- Environment management component = $696/fee unit
- Pollutant load-based component = $6.50/fee unit
- Water re-use component = $16.50/fee unit
- Any other charge = $20.50/fee unit.
There are a number of opportunities available for licensees to reduce their licence fee and to make payments easier. These are outlined below:
- Reduce emissions
Some licensees emit key pollutants above threshold levels and have to pay a resource efficiency fee. You can lower or even eliminate this fee by reducing pollutant emissions.
- Specified environmental measures and improving environmental performance
Licensees can reduce their fees by making environmental improvements. You can determine if fee reductions could apply to you and the specific requirements for your particular activity by referring to the environment management fee schedule, or contact you licence coordinator for further information. For example:
– sewage treatment works can reduce their licence fees by reusing wastewater instead of discharging it to inland or marine waters
– landfills can reduce their fee level by meeting certain requirements.
- Review activities
Licensees can review the activities listed on their licence to ensure they are actually carrying out the activities listed and that the activity levels are accurate. If an activity is not being carried out, licensees can surrender the activity or vary the activity level which may reduce the licence fee.
- Surrender licence
If all your activities are below threshold (refer to Schedule 1 of the Environment Protection Act), you may not require a licence. Please contact your licence coordinator to discuss whether you require a licence, and if not you can apply to surrender your licence using the Surrender of Environmental Authorisation form. If activity levels increase at a later, date you can then reapply for a licence at that time using the Licence Application form.
- Pay by instalments
Your licence fees can be paid in quarterly instalments. If you wish to do this, please request this in writing addressed to (please note that the flat minimum fee component will be charged to your first invoice).
- Senior Licensing Officer
- EPA Licensing and Regulatory Services
- GPO Box 2607
- Adelaide SA 5001
- Fee reduction or waiver
Under circumstances approved by the Minister, the EPA has the power to waive or reduce licence fees under s116 of the Environment Protection Act 1993 (EP Act). Reductions are only granted under exceptional circumstances. If you feel you have a case for a fee reduction on the basis of fairness or hardship talk to your licence coordinator about applying in writing for a fee reduction.
Reason for the change
The fee system was changed because:
- In 2000 the Environment, Resources and Development Committee of Parliament recommended that a larger proportion of licence fees should be based on the amount and type of pollutants discharged to the environment. In view of this, the state government decided to extend the use of load based licensing.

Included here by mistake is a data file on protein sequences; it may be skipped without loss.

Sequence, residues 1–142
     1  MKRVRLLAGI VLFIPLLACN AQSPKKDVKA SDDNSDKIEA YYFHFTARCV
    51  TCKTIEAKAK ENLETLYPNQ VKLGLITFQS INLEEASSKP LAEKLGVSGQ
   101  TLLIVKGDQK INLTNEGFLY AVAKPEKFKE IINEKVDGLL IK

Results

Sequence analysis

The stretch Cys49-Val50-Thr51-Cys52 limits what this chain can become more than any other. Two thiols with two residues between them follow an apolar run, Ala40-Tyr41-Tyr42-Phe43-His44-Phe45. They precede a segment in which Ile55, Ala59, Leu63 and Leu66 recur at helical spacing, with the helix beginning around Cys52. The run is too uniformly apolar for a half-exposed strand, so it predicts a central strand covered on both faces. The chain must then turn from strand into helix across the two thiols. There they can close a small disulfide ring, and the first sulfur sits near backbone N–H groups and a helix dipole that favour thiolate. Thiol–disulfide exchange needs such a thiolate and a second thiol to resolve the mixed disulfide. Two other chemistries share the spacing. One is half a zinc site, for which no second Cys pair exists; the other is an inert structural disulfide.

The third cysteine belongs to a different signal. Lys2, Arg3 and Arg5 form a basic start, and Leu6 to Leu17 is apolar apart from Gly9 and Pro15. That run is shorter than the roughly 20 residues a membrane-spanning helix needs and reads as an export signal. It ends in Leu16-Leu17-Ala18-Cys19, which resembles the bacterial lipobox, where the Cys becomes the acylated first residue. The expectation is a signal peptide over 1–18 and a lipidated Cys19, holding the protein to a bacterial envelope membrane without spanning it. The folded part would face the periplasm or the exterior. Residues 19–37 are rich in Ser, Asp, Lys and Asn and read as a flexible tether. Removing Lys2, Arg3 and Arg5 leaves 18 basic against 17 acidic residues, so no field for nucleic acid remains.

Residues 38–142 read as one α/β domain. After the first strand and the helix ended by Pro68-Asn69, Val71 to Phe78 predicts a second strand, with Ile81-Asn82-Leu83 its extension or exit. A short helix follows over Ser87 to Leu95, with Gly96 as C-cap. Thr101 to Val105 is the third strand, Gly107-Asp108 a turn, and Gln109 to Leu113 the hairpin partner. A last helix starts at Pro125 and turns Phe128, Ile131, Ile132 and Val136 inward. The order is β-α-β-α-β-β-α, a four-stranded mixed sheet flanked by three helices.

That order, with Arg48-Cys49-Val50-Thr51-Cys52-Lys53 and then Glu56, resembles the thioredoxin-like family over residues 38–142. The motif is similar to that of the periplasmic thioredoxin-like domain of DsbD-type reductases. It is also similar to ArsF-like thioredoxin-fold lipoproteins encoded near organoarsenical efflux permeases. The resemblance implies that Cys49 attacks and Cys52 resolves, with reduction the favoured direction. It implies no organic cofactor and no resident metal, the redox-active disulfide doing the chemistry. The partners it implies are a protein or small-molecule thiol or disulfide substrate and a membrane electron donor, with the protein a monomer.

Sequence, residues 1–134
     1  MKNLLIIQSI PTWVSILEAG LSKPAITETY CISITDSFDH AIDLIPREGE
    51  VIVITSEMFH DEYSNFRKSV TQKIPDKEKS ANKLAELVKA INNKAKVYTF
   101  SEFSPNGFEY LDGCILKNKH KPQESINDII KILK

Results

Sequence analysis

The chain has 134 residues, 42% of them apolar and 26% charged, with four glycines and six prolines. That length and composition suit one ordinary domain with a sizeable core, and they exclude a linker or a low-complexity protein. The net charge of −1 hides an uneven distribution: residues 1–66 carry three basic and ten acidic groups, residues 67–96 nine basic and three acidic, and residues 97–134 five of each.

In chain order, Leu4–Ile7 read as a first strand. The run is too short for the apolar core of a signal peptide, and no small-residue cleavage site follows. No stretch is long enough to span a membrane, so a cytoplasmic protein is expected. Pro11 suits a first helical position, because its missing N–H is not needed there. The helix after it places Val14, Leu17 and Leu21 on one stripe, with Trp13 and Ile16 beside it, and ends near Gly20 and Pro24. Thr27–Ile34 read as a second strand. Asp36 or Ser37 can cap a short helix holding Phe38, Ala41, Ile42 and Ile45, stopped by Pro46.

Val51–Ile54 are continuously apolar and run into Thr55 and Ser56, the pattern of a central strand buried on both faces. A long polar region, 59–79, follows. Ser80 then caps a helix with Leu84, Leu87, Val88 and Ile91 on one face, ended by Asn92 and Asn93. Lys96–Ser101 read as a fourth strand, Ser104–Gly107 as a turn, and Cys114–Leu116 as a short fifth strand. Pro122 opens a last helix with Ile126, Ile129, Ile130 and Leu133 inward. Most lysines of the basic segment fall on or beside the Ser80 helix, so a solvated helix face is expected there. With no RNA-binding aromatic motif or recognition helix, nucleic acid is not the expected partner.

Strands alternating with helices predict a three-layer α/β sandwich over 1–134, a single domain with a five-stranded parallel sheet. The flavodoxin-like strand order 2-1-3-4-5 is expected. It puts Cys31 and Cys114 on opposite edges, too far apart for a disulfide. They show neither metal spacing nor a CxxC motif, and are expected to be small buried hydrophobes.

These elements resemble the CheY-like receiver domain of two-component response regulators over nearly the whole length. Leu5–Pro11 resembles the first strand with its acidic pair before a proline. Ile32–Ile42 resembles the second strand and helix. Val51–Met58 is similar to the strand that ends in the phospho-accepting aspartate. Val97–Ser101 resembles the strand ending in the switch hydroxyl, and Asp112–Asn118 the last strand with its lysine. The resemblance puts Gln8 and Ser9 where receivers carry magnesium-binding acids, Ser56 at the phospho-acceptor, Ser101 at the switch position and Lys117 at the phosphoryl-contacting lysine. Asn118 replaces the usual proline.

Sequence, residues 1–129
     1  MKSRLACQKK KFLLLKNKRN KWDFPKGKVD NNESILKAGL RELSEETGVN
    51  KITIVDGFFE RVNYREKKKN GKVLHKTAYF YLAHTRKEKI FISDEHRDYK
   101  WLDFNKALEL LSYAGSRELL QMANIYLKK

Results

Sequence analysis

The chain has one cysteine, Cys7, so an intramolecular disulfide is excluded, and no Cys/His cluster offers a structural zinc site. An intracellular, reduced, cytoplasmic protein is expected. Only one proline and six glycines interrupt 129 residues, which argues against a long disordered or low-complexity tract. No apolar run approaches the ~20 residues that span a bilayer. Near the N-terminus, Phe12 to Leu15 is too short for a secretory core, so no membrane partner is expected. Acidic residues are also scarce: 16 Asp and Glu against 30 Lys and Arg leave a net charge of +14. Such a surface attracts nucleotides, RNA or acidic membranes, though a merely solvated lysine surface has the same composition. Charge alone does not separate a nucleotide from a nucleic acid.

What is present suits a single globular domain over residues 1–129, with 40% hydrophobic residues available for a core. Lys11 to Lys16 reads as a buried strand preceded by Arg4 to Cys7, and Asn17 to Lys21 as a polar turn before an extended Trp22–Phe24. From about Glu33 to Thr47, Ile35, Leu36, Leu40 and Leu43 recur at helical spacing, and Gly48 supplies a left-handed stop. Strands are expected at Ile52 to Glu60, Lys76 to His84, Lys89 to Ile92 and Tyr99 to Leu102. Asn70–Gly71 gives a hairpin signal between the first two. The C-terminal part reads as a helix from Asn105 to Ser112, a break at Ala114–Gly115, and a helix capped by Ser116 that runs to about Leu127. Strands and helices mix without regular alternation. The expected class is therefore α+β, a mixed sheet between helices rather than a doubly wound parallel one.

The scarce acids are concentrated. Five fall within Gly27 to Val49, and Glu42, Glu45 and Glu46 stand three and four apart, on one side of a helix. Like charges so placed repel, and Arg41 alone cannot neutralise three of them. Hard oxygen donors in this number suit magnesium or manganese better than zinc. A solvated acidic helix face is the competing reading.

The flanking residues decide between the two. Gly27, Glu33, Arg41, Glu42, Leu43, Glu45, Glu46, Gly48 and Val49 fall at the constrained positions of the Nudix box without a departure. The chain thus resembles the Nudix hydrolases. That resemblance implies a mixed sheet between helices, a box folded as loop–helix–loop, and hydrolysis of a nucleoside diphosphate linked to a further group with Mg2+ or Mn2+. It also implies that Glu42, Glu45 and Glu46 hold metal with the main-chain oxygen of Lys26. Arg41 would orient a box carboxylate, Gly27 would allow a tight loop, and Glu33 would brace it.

- The EPA's experience as an environmental regulator since the commencement of the EP Act has shown that although some activities cost more time and effort than others, this was not fully reflected in the previous fee structure.
- It is considered good practice to review the fee schedules regularly, about once every 10 years, when the regulations expire.
Development and consultation
The EPA developed the new fee system in conjunction with independent consultants who provided advice on options for an improved fee system and details on the chosen fee system.
The EPA undertook an extensive consultation process for the development of the new fee system. This included consultation with the Reference Group1 as well as two stages of public consultation in November–December 2004 and May–June 2006.
Documents provided during the second stage of consultation consisted of a Discussion Paper: Draft Licence Fee Structure for public consultation and the Consultancy report: A proposed licence fee system for South Australia.
Following consultation, the EPA made changes to the draft fee system to address the issues raised during public consultation and in consultation with the Reference Group.
The changes are discussed in the document entitled Changes made to Environment Protection Authority (EPA) licence fee structure to address issues raised in public consultation, May and June 2006, as well as issues raised by the Reference Group.
1 The Licence Fee Structure Reference Group consists of representatives from Business SA, Engineering Employers Association of South Australia, SA Chamber of Mines and Energy, SA Water, SA Wine Industry Association, SA Farmers Federation, energy sector in the Port River region, Department of Trade and Economic Development, Northern Industry Environmental Forum, Waste Management Association, Local Government Association and the Environmental Defenders Office representing the community.